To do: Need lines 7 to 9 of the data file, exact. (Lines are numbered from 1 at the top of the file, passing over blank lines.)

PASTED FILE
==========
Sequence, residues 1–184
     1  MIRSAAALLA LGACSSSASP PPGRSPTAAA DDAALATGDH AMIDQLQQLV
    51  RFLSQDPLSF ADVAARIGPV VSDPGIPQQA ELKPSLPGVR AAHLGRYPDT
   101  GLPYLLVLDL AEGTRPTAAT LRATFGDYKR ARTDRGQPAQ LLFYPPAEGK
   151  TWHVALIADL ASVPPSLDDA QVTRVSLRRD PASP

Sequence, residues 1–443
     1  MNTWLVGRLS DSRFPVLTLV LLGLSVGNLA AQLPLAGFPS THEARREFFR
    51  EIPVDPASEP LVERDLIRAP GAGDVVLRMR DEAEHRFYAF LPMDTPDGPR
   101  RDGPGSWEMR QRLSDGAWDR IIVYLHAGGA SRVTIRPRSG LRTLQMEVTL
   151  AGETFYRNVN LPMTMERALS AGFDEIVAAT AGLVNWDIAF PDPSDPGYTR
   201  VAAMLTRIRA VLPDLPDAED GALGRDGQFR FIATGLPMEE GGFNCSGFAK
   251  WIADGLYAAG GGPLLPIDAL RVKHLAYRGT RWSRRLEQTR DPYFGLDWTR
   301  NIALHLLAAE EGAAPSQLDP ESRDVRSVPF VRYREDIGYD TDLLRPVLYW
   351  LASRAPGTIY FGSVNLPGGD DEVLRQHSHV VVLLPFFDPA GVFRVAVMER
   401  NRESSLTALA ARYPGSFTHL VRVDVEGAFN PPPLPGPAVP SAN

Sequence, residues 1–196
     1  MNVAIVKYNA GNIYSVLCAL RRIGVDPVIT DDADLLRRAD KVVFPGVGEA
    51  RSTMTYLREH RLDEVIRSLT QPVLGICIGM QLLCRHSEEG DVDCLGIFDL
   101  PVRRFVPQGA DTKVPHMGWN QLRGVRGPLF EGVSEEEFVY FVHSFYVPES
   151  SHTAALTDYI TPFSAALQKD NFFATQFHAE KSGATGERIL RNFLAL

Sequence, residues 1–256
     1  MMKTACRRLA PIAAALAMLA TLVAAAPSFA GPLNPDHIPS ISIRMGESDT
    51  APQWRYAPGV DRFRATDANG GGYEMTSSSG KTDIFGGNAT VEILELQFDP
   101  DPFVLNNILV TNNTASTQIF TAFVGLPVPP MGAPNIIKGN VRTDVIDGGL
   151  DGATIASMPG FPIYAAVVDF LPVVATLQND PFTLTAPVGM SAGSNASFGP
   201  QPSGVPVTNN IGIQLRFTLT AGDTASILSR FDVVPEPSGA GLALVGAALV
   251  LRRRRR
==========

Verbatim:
     1  MNTWLVGRLS DSRFPVLTLV LLGLSVGNLA AQLPLAGFPS THEARREFFR
    51  EIPVDPASEP LVERDLIRAP GAGDVVLRMR DEAEHRFYAF LPMDTPDGPR
   101  RDGPGSWEMR QRLSDGAWDR IIVYLHAGGA SRVTIRPRSG LRTLQMEVTL